It is clearly vital to ask the correct questions and failure to ask about recreational drug use will result in this being overlooked in many patients. We have all seen patients with symptoms compatible with these patients’ complaints and many have been treated with a variety of speculative therapies. Increasing awareness of the urological effects of recreational drugs should lead to more doctors asking the questions that will help to identify and treat such syndromes [19].

Foremost in our treatment strategy is the absolute requirement for a patient to stop ketamine use. This may sound straightforward, but in a context where patients feel their only way of controlling the pain is with ketamine, it has proven to be difficult. It is not universally true, but many of this patient population have been unreliable attendees at both outpatient and investigation appointments.

Because ketamine is relatively cheap, it has little or no direct association with crime and hence drug support agencies and primary care trusts may not see ketamine users as a high priority for rehabilitation. For these reasons, expecting someone to stop ketamine use carries a significant risk of failure. In Bristol, the chronic pain team have worked closely with the urology team and developed a strategy that includes buprenorphine patches with cocodamol and amytriptiline at night. This appears to offer reasonable symptom control, allowing users to avoid ketamine.

The involvement of drug support agencies is important but can be difficult, particularly if patients are seeing a urologist out of their residential area. As support is given by residential area, it is best organized by the GP once the diagnosis has been established.

In some areas, drug support agencies have been extremely proactive in initiating contact with a local urology department. This has created a productive link both for patients and for furthering enquiry into this emerging clinical phenomenon.

In conclusion, the urological syndrome associated with ketamine use is severe. If drug cessation is achieved it may be, at least partially, reversible. The early syndrome may be present in casual or weekend users as episodes of cystitis treated empirically. Once a usage threshold is crossed, bladder pain (or other symptoms) may drive further use to suppress symptoms, leading to irreversible damage and scarring. This is a concern of ours, as the worst-affected patients have required major surgery, i.e. cystectomy and bladder reconstruction, with all its inherent risks. Such surgery should only be done after careful counselling and a sustained attempt to stop ketamine use.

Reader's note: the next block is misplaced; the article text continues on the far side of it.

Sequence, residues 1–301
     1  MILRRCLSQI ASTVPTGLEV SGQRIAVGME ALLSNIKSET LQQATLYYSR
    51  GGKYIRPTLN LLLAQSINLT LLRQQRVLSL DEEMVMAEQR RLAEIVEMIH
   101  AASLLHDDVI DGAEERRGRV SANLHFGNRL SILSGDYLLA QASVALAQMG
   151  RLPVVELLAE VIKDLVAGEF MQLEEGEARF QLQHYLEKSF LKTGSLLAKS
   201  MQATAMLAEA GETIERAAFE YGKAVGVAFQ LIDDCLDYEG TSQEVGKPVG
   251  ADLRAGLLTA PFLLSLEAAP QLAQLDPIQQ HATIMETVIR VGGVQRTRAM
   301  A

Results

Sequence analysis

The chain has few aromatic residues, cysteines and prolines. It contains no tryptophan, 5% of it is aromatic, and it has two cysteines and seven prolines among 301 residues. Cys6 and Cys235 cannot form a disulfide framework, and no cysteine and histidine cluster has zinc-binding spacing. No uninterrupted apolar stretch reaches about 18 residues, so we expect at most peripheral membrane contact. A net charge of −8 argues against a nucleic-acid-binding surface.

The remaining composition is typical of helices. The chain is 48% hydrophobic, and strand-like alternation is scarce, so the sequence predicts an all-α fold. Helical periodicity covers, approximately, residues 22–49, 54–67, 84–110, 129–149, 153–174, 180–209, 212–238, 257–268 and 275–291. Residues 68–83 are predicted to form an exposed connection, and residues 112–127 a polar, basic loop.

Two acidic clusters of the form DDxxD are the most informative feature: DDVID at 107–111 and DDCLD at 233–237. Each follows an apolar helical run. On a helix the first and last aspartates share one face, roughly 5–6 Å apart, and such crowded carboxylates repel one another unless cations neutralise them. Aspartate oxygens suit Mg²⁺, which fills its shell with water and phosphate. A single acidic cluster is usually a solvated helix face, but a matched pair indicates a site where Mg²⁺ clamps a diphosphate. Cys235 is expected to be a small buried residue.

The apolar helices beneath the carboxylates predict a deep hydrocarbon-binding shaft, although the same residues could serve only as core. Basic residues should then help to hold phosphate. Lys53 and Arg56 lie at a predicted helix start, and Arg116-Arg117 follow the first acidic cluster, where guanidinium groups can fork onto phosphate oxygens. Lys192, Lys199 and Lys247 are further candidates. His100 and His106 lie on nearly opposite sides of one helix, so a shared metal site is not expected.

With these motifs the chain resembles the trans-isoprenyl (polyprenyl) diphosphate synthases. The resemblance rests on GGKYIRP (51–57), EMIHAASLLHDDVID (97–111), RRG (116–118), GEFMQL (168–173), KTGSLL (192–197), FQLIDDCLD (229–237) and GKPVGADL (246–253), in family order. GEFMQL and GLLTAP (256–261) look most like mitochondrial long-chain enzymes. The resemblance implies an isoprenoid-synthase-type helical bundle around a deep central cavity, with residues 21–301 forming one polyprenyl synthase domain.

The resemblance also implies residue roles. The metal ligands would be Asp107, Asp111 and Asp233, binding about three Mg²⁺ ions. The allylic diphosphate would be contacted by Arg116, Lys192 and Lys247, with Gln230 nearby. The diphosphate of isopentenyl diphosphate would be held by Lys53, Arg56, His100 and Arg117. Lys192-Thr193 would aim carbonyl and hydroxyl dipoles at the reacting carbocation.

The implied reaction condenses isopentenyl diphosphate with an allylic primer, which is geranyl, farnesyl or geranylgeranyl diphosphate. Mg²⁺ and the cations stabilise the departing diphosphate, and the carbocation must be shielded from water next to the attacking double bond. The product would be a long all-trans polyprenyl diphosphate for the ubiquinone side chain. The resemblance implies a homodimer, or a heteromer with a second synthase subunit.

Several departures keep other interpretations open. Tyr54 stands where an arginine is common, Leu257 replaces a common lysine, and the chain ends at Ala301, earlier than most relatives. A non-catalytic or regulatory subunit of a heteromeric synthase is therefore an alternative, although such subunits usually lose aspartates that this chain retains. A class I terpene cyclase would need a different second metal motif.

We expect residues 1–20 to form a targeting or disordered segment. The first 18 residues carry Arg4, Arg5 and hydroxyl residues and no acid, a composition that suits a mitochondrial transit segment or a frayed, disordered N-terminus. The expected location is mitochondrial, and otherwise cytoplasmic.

Ketamine has been widely used for chronic pain and there is one report of ketamine-induced cystitis in a paediatric patient [13]. There is also a report of disabling bladder symptoms in patients receiving ketamine in the chronic pain and palliative care setting; this suggests that the effect is not uniform and some individuals may be more susceptible than others. However, most studies of ketamine used for chronic pain were of short duration and involved lower doses than seen in recreational use, so LUTS were not reported [14]. Whilst somewhat rudimentary, a mouse model has gone some way to cementing the link between ketamine and urinary tract damage [9]. Laboratory research from our group shows a clear link between ketamine and damage to the urothelium; this, coupled with disease manifestation and patterns of use, firmly establishes the causal link with ketamine.

We emphasize that, under medical supervision, ketamine remains a very safe and useful drug in anaesthetic practice. However, there are significant side effects as a result of misuse, with long-term consequences. We would urge all medical practitioners seeing patients with these symptoms to ask about recreational drug use and to consider appropriate rehabilitation and support, along with referral to a urology department with a specialized interest.

ACKNOWLEDGEMENTS

  1. Top of page
  2. Abstract
  3. INTRODUCTION
  4. PATIENTS
  5. CAUSAL RELATIONSHIP
  6. MECHANISM OF DAMAGE
  7. TREATMENT REGIME
  8. ACKNOWLEDGEMENTS
  9. CONFLICT OF INTEREST
  10. REFERENCES

The authors acknowledge Mr Chris White, Urology MSc Student at UCL for his audit looking at patients, Miss Clare Taylor, Urology SpR at UCLH for her help in looking after UCLH patients and Mr Alex Freeman for his histopathological advice.

REFERENCES

  1. Top of page
  2. Abstract
  3. INTRODUCTION
  4. PATIENTS
  5. CAUSAL RELATIONSHIP
  6. MECHANISM OF DAMAGE
  7. TREATMENT REGIME
  8. ACKNOWLEDGEMENTS
  9. CONFLICT OF INTEREST
  10. REFERENCES